|Publisher||Society of Petroleum Engineers||Language||English|
|Content Type||Journal Paper|
|Title||Safe Purging of Natural Gas Pipelines|
|Authors||Perkins, T.K., Arco Oil and Gas Co.; Euchner, J.A., Arco Oil and Gas Co.|
|Journal||SPE Production Engineering|
|Volume||Volume 3, Number 4||Pages||663-668|
Summary. When a newly constructed natural gas pipeline is put into service, it can be safely purged of air by injection of a slug of inert gas, such as N2. The method of sizing the required slug is based on a model of dispersion in turbulent flow in conjunction with flammability limits.
When a newly constructed natural gas pipeline is put into service, the initial air in the line must be purged. If natural gas is used directly to perform the purging, the air and the natural gas will mix, and flammable mixtures will form in the pipeline. The safety hazard such mixtures present is of concern. In the following discussion, the purging problem is analyzed. First, the hazards of flammable mixtures of the type that can form during purging of a natural gas line are discussed. Then it is demonstrated that inherent dangers are low and can be eliminated by introduction of an inert gas slug between the air and natural gas. A method of sizing the required slug is developed. Measurements taken during the purging of a 10-in. [25.4-cm] pipeline have been analyzed and are shown to be in good agreement with calculated performance.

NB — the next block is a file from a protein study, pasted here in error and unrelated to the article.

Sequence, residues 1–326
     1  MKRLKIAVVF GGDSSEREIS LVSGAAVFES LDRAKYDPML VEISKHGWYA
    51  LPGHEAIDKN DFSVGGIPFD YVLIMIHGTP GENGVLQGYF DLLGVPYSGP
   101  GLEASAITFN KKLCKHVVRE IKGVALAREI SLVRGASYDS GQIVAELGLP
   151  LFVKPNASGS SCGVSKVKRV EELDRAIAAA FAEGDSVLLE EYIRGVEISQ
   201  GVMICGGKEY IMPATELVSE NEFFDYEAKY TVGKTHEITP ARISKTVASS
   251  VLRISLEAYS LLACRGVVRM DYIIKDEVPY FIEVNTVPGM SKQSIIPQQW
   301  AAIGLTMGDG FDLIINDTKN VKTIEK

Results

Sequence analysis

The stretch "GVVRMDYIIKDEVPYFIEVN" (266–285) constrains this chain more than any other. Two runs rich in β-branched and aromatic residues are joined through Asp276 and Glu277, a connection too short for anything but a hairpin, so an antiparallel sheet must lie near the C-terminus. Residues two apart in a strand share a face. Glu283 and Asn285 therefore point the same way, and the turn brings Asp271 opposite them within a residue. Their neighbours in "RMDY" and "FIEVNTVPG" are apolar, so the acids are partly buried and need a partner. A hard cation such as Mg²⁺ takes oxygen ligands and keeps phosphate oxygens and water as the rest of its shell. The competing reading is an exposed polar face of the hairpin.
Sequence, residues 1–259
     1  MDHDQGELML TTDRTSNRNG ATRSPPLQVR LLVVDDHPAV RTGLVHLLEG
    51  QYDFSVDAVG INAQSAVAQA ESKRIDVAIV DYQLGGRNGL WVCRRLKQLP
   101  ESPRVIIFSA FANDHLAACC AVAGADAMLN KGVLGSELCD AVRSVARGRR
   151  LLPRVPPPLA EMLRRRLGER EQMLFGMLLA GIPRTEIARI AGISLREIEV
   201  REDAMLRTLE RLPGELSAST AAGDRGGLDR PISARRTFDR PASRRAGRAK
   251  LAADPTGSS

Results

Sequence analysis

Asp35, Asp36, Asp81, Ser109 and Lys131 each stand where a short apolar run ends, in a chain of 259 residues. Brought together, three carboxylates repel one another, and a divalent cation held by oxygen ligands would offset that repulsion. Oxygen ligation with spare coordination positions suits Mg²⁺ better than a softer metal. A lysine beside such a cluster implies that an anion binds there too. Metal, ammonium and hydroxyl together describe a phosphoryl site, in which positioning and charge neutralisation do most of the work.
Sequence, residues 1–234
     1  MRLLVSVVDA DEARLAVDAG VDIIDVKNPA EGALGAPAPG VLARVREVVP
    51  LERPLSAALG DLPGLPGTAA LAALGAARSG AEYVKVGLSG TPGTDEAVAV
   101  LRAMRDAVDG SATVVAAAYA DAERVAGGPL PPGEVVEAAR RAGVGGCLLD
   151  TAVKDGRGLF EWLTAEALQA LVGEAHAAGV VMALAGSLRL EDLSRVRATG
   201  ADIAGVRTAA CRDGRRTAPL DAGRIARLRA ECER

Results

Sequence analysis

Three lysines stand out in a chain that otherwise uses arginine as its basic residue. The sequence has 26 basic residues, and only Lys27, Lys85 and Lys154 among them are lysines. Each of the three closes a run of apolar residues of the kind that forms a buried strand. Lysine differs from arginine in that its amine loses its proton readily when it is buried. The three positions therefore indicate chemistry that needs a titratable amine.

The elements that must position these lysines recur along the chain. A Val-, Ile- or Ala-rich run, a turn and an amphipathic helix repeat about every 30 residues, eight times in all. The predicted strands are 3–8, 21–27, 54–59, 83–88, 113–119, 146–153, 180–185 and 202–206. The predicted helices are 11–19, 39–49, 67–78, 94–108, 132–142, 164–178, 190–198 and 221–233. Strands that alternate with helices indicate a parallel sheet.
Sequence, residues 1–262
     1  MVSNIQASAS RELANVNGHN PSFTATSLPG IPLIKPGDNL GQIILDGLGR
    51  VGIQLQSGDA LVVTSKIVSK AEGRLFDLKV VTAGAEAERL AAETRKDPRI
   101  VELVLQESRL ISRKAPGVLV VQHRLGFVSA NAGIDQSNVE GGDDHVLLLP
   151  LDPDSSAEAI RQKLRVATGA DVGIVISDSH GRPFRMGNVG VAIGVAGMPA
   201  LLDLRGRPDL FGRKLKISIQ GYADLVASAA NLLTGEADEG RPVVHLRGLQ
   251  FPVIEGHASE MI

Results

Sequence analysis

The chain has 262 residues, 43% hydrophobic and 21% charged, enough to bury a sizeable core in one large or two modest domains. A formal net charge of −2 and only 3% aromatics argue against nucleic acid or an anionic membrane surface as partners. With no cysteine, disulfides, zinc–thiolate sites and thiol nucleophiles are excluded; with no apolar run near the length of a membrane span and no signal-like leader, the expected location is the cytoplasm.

Recommendations for future purging operations are presented. A step-by-step procedure for sizing of inert-gas purging slugs is given.
Hazards of a Flame
The composition of any mixture of combustibles, inerts, and oxygen can be represented on a ternary diagram. Fig. 1 shows such a diagram divided into three regions. Compositions in the smallest region are detonable. Those in the next largest region, which includes all detonable compositions, are flammable. The balance of compositions lies in the nonflammable region.
The danger of a gas mixture in a pipeline depends on its composition. Nonflammable mixtures present no danger. Flammable mixtures, if ignited, result in propagation of a flame and attendant temperature and pressure increases. As long as operating pressures during purging are maintained at reasonable levels, the limited stresses that might be caused by ignition of a flammable (but non-detonable) mixture are tolerable. Ignition of a detonable gas mixture, on the other hand, could lead to formation of a shock wave and large pressure increases. A detonation in a pipeline would be too dangerous to be tolerated.